published on: mingster

In a Team development environment where parallel development and testing goes we find a requirement of getting most recent build to test as well as some specific build to give the QA to do testing on. This post describes what all are needed to set up an automated source code integration and build system for an environment where we use Visual Studio for development, source control (SVN in our case) for source depot, and doc/ tracking system (trac in our case).

Why do we need a continuous source code integration and build system? well, this helps the QA team by allowing then to not spend more time in syncing the source and doing a build everytimes or even working on a relatively older build.  This works as a perfect backup for your Source Control and also the deployment server. This also allows to align the builds numbers to be same as your assembly\file version and also to the source control label there by making a particular build to be a complete unit in itself in terms of readiness for deployment or using the same for development.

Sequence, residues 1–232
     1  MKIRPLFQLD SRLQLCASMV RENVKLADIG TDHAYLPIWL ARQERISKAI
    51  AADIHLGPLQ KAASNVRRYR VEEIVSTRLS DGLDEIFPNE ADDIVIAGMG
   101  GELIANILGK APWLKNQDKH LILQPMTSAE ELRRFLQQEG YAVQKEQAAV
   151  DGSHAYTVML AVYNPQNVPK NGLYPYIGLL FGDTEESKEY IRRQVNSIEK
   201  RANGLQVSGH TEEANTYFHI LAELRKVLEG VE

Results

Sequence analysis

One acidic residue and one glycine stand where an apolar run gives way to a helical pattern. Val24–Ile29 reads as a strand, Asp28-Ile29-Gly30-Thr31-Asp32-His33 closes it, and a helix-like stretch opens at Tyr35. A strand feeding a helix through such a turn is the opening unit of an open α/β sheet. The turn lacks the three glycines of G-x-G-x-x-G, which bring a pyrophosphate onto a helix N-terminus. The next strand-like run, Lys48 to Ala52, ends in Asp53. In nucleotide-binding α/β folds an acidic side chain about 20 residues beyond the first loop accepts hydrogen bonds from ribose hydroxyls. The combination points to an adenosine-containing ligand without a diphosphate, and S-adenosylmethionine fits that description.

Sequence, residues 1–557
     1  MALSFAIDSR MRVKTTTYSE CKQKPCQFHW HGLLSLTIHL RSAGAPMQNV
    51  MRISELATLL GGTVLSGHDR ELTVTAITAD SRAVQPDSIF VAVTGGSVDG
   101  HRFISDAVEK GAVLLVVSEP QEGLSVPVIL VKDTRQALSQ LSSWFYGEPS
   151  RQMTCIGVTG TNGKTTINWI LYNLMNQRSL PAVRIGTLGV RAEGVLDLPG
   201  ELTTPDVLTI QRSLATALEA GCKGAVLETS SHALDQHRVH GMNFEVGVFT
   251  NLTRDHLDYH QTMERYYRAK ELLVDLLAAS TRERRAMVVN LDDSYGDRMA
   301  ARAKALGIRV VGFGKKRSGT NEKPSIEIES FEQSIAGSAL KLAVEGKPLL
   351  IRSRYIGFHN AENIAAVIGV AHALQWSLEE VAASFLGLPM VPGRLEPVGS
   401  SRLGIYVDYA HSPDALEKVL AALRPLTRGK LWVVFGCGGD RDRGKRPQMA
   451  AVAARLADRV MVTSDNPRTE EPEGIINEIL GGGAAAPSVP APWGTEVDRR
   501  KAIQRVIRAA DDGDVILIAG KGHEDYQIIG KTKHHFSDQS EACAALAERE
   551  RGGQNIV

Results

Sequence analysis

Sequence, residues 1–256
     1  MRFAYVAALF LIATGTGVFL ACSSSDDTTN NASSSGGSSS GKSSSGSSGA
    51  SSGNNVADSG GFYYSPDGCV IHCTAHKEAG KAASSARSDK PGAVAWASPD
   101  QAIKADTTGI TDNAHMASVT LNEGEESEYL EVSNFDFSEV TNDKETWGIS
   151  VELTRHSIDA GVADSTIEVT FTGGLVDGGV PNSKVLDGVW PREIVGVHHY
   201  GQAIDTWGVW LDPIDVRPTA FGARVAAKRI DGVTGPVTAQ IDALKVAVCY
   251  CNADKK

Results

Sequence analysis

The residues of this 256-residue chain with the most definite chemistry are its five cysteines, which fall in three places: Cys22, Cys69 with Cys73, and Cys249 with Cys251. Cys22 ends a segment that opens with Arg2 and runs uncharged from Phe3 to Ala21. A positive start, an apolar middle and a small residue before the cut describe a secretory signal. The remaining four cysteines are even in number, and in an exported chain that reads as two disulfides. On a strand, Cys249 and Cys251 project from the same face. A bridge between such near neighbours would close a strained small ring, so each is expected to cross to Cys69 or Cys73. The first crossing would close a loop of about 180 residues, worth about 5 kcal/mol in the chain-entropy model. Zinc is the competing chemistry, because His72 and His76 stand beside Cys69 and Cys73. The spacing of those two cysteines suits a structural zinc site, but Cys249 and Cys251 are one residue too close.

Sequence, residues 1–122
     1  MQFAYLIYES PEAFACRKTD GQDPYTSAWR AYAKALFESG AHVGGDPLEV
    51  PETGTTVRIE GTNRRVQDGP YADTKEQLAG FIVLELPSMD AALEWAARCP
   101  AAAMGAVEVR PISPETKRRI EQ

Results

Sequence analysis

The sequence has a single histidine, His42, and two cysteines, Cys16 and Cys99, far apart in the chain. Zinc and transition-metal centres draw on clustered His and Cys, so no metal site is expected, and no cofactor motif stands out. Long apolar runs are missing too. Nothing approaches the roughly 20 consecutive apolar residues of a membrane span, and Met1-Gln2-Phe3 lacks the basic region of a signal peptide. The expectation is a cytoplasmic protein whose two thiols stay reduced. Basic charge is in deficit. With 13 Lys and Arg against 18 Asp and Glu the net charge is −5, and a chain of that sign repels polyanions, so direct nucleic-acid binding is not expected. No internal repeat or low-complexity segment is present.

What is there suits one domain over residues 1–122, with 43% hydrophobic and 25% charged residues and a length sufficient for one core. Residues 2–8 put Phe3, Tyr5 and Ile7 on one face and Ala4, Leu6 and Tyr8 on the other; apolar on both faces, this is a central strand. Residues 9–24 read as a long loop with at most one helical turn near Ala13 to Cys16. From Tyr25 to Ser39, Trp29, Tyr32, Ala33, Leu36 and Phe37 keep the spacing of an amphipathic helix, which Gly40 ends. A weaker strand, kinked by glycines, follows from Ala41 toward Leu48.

Now coming back to build server where we can use cruise control .NET for source integration along with a couple of batch scripts to control the build number and assembly version. CCNET pings the source control (SVN) after every 30 mins (this is a default value and can be changed) to see if there are any modifications. If there are then it triggers a build and publishes it on the Build Server. Once done sleeps again for 30 mins unless it is Forced for a build in between i.e. you can manually force a build in between sleeps.

The core components of build server are:

1) Cruise Control .NET (CCNET):
Its an open source build and integration engine which can be downloaded freely from http://confluence.public.thoughtworks.org/display/CCNET/DownloadOnce. Once the installation is done CCNET needs to be configured according to your requirements.  The config file can be found at “%SYSTEMDRIVE%\Program Files\CruiseControl.NET\Server\ccnet.config”.

2) Batch Scripts:
You might have some tasks to do before the automated build.  In our case, we want to shift the version in every new build. It can be done by altering AssemblyVersion attribute defined in AsseblyInfo.cs file(s). Also you might need to get all the green lights in NUnit testings before you build.  CCNET integrates with NUnit & NAnt nicely for executing test cases and more powerful automated scripts.

Fpr complete reference on the configuration blocks, check out the project home at http://ccnet.sourceforge.net/CCNET/.  If you like to do the same on Linux, you might wanna check out luntbuild